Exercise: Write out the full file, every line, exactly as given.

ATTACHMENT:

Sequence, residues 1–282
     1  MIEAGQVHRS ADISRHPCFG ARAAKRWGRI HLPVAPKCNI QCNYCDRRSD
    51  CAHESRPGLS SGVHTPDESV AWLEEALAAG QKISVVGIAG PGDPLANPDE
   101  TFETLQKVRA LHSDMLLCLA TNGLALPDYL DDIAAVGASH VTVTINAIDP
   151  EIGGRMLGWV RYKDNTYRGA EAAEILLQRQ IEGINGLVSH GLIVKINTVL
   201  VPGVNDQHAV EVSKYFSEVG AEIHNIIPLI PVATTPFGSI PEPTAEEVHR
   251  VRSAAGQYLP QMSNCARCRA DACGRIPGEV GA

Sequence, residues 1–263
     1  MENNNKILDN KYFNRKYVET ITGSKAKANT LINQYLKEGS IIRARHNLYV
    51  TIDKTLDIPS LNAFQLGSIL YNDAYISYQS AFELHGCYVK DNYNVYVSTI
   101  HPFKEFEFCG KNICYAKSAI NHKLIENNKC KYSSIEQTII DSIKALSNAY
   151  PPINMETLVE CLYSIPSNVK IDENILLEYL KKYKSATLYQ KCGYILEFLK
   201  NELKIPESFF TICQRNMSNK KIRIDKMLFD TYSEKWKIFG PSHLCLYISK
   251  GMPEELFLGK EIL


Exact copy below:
Sequence, residues 1–282
     1  MIEAGQVHRS ADISRHPCFG ARAAKRWGRI HLPVAPKCNI QCNYCDRRSD
    51  CAHESRPGLS SGVHTPDESV AWLEEALAAG QKISVVGIAG PGDPLANPDE
   101  TFETLQKVRA LHSDMLLCLA TNGLALPDYL DDIAAVGASH VTVTINAIDP
   151  EIGGRMLGWV RYKDNTYRGA EAAEILLQRQ IEGINGLVSH GLIVKINTVL
   201  VPGVNDQHAV EVSKYFSEVG AEIHNIIPLI PVATTPFGSI PEPTAEEVHR
   251  VRSAAGQYLP QMSNCARCRA DACGRIPGEV GA

Sequence, residues 1–263
     1  MENNNKILDN KYFNRKYVET ITGSKAKANT LINQYLKEGS IIRARHNLYV
    51  TIDKTLDIPS LNAFQLGSIL YNDAYISYQS AFELHGCYVK DNYNVYVSTI
   101  HPFKEFEFCG KNICYAKSAI NHKLIENNKC KYSSIEQTII DSIKALSNAY
   151  PPINMETLVE CLYSIPSNVK IDENILLEYL KKYKSATLYQ KCGYILEFLK
   201  NELKIPESFF TICQRNMSNK KIRIDKMLFD TYSEKWKIFG PSHLCLYISK
   251  GMPEELFLGK EIL